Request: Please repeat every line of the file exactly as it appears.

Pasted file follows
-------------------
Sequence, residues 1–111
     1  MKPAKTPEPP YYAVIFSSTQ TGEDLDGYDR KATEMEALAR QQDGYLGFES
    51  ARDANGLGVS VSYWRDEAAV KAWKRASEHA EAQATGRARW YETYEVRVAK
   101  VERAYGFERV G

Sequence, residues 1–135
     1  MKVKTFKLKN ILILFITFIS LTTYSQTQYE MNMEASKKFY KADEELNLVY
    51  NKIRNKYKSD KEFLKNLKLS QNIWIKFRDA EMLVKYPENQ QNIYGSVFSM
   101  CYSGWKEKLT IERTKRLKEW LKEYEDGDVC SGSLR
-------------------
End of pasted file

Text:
Sequence, residues 1–111
     1  MKPAKTPEPP YYAVIFSSTQ TGEDLDGYDR KATEMEALAR QQDGYLGFES
    51  ARDANGLGVS VSYWRDEAAV KAWKRASEHA EAQATGRARW YETYEVRVAK
   101  VERAYGFERV G

Sequence, residues 1–135
     1  MKVKTFKLKN ILILFITFIS LTTYSQTQYE MNMEASKKFY KADEELNLVY
    51  NKIRNKYKSD KEFLKNLKLS QNIWIKFRDA EMLVKYPENQ QNIYGSVFSM
   101  CYSGWKEKLT IERTKRLKEW LKEYEDGDVC SGSLR